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Editorial: Looking up in SE Queens

Congratulations to the administrators, teachers and, most of all, to the students at The William Haberle School, PS 195, in Rosedale and PS 96 in Ozone Park for being among the 24 schools to win the 2002 Pathfinder Award from the Business Council of New York State.

This honor is particularly noteworthy because it recognizes those schools that have shown the greatest academic improvement in the past school year. There may be schools in Queens with higher scores. There are no schools that have come further.

The Pathfinder Award is given to a school that shows greater improvement over its track record from the previous year than any other school in its region. At least half of the students at the school have to meet or exceed the state’s standards on the fourth-grade English Language Arts and math tests.

This accomplishment is all the more remarkable when one considers the challenges faced by administrators and teachers in the city’s public school system. Virtually every school in Queens is overcrowded and understaffed. Teachers are underpaid and, more often than not, do not have the basic supplies they need.

Parents of children attending PS 195 and PS 96 should take pride in knowing that their children were given the basic reading math skills that will be the foundation for their academic success.

The kids should take pride in knowing that they are standing shoulder to shoulder with students attending schools throughout the state. It cannot be quantified, but nevertheless we hope that these children have been given a love for learning and a self-confidence that will empower them for the rest of their lives. If that’s the case, they are truly winners.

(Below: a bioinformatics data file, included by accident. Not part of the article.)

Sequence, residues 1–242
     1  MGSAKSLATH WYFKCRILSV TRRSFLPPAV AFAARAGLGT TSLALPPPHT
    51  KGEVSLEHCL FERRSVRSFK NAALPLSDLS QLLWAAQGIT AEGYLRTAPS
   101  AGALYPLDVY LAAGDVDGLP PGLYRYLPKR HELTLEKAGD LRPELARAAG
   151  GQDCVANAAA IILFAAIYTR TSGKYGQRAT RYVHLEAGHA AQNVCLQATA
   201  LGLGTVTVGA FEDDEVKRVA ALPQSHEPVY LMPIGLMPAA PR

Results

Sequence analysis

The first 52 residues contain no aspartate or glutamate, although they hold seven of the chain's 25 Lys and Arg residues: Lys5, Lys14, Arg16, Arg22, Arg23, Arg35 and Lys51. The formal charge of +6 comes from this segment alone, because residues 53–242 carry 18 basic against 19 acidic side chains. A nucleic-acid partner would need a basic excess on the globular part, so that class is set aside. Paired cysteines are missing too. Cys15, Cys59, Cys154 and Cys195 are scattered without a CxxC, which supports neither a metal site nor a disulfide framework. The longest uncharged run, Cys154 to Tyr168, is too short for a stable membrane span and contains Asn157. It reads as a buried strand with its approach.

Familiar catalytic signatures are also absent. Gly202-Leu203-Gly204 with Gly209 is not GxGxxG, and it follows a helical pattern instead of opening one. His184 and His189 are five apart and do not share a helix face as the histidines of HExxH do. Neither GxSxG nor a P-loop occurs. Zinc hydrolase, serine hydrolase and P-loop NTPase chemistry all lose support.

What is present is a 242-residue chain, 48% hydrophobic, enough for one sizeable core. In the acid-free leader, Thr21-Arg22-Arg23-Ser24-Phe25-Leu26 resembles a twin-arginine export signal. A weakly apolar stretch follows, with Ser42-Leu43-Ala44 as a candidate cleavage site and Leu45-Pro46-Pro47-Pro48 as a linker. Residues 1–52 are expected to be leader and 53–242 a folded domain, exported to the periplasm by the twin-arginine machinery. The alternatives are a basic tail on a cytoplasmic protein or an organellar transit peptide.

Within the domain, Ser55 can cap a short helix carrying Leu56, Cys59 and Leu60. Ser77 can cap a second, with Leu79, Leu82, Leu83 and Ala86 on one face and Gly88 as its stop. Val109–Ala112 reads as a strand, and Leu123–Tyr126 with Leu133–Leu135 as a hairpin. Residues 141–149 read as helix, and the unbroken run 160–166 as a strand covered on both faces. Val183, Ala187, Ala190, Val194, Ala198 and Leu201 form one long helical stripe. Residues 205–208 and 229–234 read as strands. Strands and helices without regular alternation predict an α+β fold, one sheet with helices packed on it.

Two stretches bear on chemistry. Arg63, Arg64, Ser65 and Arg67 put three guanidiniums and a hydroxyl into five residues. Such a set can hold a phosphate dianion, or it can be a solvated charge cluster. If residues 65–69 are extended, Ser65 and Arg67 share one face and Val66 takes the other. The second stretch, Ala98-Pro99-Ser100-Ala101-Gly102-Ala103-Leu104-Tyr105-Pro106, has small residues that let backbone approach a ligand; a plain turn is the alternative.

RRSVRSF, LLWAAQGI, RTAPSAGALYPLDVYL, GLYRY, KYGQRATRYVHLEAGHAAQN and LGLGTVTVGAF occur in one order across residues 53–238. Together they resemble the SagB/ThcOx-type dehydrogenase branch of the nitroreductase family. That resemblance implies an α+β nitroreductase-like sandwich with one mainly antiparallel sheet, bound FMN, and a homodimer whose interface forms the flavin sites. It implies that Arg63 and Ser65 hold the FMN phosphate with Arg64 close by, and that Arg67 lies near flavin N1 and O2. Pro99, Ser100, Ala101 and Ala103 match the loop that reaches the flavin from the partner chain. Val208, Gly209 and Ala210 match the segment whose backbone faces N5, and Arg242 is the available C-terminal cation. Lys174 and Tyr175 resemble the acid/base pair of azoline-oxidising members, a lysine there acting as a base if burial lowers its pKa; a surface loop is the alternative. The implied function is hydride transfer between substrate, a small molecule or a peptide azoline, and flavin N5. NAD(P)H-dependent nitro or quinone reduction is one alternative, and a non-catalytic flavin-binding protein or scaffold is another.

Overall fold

Editorial: Civil rights 2002

A panel discussion on civil rights involving three of the nation’s most prominent African-American leaders at St. John’s University showed how complex issues that once seemed so simple have become. The panelists invited by the St. John’s Black Law Students Association included the Rev. Al Sharpton, the Rev. Floyd Flake and Julian Bond, the chairman of the NAACP.

Take busing, for example. There was a time when the value of busing was gospel among civil rights leaders. But the panelists at St. John’s agreed that busing had fallen out of favor because the buses took black children to white neighborhoods but seldom brought white children to black neighborhoods. If their schools were better and their neighborhoods safer, no one — not even the panelists — could fault parents for not wanting to bus their children to the “inner city.”

At times the panelists seemed mired in a web of contradicting facts and theories. They decried the fact that schools tended to be better in the suburbs and then they decried the fact that the gentry was moving from the suburbs to the inner city and driving lower-income blacks to the suburbs.

Although the organizers of this symposium did their best to avoid a discomforting diversity, Rev. Flake did challenge some of the concepts long held by many civil rights activists. He suggested that the gap in today’s society is more economic than racial. Flake should know. He is the leader of one of the largest, wealthiest and most influential churches in all of New York City. Flake has bettered the lives of thousands of people living in southeast Queens. He has built schools, day-care centers and nursing homes and has helped hundreds of families buy affordable housing. There is much that Sharpton can learn from him, but it is not likely that he will.

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